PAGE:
Christian Hosoi had it all.
Long before he was legally old enough to drink, the skateboarder nicknamed "Christ" was a stud on the pro circuit who was touted as an emerging rival to the legendary Tony Hawk. Hosoi's fame brought him a lot of money, parties and girls, but he also rode his board into a downward spiral of substance abuse that eventually landed him in prison.
The skateboarder known for his "Christ Air" move has since reformed himself as a Huntington Beach resident and pastor at The Sanctuary church in Westminster.
Now 44, he's come out with a tell-all autobiography, titled "Hosoi: My Life as a Skateboarder Junkie Inmate Pastor." At 7 p.m. Wednesday, Hosoi will sign copies of his book at Barnes & Noble, 7881 Edinger Ave., No. 110, in the Bella Terra shopping center.
In the memoir, Hosoi recounts his life as a youth skateboarder and celebrity. He learned to skateboard at a Marina del Rey skatepark and turned pro at 14.
His biggest competition was Hawk, who was around his same age.
Hosoi grew close with pro skateboarders Tony Alva and Jay Adams, and graced the cover of Thrasher Magazine several times. Even though he was underage — as he was for most of his career — he could get immediate access to any nightclub.
Then he started to drift into drugs. When Hosoi was 8, his father introduced him to marijuana. From there, Hosoi tried "every drug under the sun," including cocaine, acid, Ecstasy and, eventually, methamphetamine.
In January 2000, reality caught up to Hosoi when he was arrested for carrying a pound-and-a-half of meth aboard a flight from California to Hawaii. He was placed in a windowless cell in Hawaii, where he was told he would spend the next 10 years.
Hosoi's then-girlfriend Jennifer — now his wife — encouraged him to remain optimistic and told him to put faith in God.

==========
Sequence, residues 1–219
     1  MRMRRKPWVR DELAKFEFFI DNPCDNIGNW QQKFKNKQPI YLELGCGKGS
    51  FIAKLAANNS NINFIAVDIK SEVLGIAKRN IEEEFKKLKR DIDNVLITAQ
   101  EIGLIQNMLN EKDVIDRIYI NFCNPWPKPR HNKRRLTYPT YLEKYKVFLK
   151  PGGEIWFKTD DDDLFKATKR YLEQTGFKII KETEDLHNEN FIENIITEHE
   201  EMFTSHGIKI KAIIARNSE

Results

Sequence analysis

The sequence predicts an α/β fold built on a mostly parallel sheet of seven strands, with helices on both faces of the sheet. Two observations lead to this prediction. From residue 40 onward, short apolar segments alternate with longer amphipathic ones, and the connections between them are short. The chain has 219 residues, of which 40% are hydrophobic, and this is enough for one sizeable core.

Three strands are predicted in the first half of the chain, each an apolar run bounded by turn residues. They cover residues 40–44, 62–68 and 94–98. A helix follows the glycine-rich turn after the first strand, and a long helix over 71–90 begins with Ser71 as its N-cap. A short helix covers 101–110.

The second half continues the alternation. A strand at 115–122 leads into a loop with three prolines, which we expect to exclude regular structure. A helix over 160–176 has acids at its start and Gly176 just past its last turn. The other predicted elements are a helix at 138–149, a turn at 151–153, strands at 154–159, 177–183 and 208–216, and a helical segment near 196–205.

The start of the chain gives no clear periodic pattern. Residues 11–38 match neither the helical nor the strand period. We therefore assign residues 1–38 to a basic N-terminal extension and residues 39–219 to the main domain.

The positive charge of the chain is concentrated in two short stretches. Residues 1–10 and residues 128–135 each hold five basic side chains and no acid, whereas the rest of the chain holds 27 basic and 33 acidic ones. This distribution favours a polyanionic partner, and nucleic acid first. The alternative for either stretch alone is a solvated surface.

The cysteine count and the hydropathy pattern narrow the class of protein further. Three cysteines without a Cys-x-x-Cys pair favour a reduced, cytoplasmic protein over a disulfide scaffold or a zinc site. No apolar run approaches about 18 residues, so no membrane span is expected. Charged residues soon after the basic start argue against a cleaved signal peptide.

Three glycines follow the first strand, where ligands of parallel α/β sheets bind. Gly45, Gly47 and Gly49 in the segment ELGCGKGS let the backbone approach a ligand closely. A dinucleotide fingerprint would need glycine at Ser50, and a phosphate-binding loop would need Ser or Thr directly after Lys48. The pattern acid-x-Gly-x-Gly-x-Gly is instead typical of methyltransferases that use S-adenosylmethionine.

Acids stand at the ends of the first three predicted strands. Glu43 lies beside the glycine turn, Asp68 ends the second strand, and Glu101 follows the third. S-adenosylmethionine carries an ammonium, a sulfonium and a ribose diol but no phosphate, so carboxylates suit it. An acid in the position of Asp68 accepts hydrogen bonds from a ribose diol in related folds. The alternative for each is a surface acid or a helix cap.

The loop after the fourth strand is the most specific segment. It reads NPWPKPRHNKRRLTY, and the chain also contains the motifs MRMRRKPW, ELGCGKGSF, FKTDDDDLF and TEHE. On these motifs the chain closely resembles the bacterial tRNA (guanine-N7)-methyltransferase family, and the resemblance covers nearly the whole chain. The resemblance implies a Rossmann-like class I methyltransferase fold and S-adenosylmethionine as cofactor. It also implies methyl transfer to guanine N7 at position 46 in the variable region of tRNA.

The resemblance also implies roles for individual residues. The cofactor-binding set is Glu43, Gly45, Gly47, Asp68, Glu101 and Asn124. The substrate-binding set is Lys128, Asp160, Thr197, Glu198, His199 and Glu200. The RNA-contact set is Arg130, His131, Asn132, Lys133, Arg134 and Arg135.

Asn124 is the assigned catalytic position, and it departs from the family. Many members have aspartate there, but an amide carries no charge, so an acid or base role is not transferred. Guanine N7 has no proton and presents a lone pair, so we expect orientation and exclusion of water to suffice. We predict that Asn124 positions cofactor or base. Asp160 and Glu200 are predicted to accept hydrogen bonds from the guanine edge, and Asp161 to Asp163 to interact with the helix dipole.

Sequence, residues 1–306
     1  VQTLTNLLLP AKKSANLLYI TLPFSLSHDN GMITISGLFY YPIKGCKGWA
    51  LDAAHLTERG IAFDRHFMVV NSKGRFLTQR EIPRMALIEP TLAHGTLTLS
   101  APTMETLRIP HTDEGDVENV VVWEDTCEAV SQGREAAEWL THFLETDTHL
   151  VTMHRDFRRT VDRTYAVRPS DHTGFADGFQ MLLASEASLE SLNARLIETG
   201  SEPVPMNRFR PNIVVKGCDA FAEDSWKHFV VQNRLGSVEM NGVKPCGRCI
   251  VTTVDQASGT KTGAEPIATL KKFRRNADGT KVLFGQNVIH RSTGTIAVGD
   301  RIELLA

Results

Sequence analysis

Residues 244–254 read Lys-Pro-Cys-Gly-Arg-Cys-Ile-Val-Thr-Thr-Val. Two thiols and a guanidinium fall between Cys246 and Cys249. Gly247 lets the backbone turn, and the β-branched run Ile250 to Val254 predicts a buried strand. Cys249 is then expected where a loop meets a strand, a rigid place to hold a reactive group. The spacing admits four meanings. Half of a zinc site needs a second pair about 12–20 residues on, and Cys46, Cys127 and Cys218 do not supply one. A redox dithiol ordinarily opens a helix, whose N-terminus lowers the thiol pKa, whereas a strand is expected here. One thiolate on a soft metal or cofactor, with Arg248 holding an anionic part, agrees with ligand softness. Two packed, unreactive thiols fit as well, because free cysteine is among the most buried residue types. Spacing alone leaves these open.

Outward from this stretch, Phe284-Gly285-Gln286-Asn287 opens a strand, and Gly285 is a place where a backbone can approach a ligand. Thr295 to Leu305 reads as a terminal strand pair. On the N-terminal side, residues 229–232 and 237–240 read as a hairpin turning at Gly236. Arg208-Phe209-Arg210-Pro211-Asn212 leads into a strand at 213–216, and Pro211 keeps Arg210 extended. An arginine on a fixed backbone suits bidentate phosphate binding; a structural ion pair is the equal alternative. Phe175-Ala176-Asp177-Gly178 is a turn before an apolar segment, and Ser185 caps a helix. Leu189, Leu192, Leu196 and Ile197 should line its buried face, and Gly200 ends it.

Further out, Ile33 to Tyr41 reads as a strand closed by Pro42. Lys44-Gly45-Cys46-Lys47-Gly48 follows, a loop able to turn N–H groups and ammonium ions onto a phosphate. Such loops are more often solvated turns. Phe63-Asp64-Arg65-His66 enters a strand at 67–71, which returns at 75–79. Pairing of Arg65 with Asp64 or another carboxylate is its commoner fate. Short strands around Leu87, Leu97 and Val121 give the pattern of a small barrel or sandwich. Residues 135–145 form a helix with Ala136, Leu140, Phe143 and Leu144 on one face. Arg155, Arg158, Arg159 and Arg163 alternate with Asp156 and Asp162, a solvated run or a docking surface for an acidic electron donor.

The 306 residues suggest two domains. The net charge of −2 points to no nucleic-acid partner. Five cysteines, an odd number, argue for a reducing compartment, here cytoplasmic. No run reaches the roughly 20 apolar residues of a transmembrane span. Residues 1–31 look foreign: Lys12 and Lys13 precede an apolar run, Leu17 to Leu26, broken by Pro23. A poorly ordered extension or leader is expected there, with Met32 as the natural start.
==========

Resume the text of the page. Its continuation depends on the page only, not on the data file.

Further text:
"What's God going to do for me?" Hosoi remembered telling her. "I need a lawyer! I need an attorney! I need bail!"
Despite his apprehension, Hosoi picked up a Bible a few days into his incarceration.
"That's when my journey began," Hosoi said. "It was like almost when I wanted to be a pro skater, when I first tasted skateboarding ... I said, 'That's what I want to be, a Christian.'"
While in prison, he not only discovered God but got married and earned his GED.
"I went from living in prison my whole life, living in sin and trying to find my identity in money, fame and girls," Hosoi said. "I was never satisfied or content. Then I finally got in a prison cell, and by the power of God's love, forgiveness, mercy and grace, I felt content in that prison cell. I was free for the first time in my whole life.
"I felt the weight of the pain, guilt and hurt fall off my shoulders."
Hosoi was released after four years in June 2004 and decided to live a life dedicated to God. He became an associate pastor at The Sanctuary, the "raddest church," as soon as he was released.
The Sanctuary aims to be a place for anyone to come. A sign outside the church welcomes drug addicts, prostitutes, pimps and others whom many religious institutions may look down upon.
The Sanctuary recently opened a church in downtown Los Angeles, where Hosoi said he is excited to preach at in the near future.
However, while Hosoi has dedicated his life to Christ, he has not forgotten his roots. He said he still skates all the time, including in competitions. He also recently reopened his company, Hosoi Skates. He is also working with a team to build the largest skatepark in the world.
"I've really been through some stuff," Hosoi said. "But now I can say that I've come full circle from when I was a young boy, passionate about doing something great, being somebody who could fulfill his dreams and then going through a full life of ups and downs. And now I'm here, getting to live my life and having a second chance."